“Hello, this account is infected.” This is what my latest email scammer is telling me. He’s hacked my computer and knows that I’ve been watching porn, and he’s going to let all my contacts know about it – unless, of course, I send him $1,000. In Bitcoin, no less. As if I knew how to use Bitcoin.

I know it’s a scam because I haven’t been watching porn, but I’m sure this guy sends his blackmail to millions of people, and some of them are bound to have been indulging in a little afternoon delight with their computer. I can just picture their panic when they see this email. “Oh crap, if my mom finds out, I’m a goner. Where am I going to get $1,000? Don’t they know I’m fifty-five and still live at home? I don’t have that kind of money.”

One of several of these kinds of emails extorting money

This particular scam is scary because it shows your own email address as the person who sent it. Wow, how do they do that? I asked Google, who sent me to the FTC, which said: “This is a criminal extortion attempt to separate people from their money. If you — or someone you know — gets a letter like this, report it immediately to your local police, and the FBI.” Another site explained in techno mumbo-jumbo how scammers mimic your own email address, but they really haven’t hacked your account. Their advice? Change your password and don’t worry. Just ignore it. 

Okay, I won’t worry, but it really makes me want to do something vicious to these hackers, like locking them in an air-tight room with old-west cowboys who’ve eaten nothing but beans for the past six months. Or strapping them into the passenger seat of a car with a driver who uses the gas pedal and brake at the same time – jerk the jerk, as it were. These people deserve to be tormented in very psychologically annoying ways.

I don’t know what’s worse, these emails or the cell phone calls I’m getting with the same area code and numbers that look very similar to all the numbers associated with the account. Sometimes I’ll answer the calls, and it’s a salesperson. If I’m not too busy, I like to lead them on for a little while. “Oh, your vacuum cleaner sounds amazing! I really would love to have one! Can you tell me more?” Finally, after they’ve given their whole spiel and think I’m ready to buy, I say, “Oh heck, I wish my mom was here. She’s the one you really need to talk to.”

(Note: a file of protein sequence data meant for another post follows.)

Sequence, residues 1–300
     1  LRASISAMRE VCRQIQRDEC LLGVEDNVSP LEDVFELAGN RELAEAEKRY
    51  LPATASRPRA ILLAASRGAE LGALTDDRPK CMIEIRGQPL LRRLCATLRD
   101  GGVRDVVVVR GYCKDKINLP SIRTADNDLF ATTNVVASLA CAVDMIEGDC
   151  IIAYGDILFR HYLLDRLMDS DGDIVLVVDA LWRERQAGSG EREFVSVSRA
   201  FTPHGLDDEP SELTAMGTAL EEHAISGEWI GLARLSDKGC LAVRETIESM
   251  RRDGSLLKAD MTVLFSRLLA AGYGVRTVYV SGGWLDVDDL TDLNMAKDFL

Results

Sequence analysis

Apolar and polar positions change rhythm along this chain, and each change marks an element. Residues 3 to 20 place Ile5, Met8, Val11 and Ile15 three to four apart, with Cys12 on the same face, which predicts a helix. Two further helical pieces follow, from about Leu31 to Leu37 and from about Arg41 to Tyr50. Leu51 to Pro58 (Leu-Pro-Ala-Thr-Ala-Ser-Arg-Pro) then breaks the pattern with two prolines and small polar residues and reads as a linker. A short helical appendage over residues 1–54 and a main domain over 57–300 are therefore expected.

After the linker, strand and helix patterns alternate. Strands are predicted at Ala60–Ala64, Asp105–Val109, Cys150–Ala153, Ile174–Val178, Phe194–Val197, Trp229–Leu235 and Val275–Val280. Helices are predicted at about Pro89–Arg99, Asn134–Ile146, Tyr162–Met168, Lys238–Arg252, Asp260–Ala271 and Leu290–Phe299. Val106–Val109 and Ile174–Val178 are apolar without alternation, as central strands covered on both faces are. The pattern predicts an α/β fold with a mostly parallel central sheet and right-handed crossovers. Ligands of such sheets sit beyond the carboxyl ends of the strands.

Sometimes when people call me to tell me that my Microsoft computer has a programming problem that they have to fix, I’ll ask them lots of questions, and play along. I’ve told them to hold on a minute while I go to my computer, and then put the phone down and fold laundry, then come back with a cheerful, “So sorry that took so long. Now tell me again what you want me to do.” Eventually I start asking questions that show I know what they’re up to. “So if this is a Microsoft problem, are you working for Microsoft – you are actually an employee of Bill Gates? You’re not, then why…?” They hang up on me. So rude. I figure if these people are playing games with me, I’ll play with them. So satisfying.

Eventually these scammers will be completely replaced by computers that will come up with their own scams, and our computers will come up with ways to ward them off, until the computers will start saying mean things to each other, like, “Well, my processor is bigger than your processor!” “Is not!” “Is too!” Then they’ll send little electric charges to zap each other. We humans will be sitting in the back yard, watching the birds and squirrels, sipping iced tea and looking at each other as we talk like we used to do for entertainment before technology became the boss of us. Behind us, smoke will come pouring out of the various feuding devices in our homes, and we won’t even notice.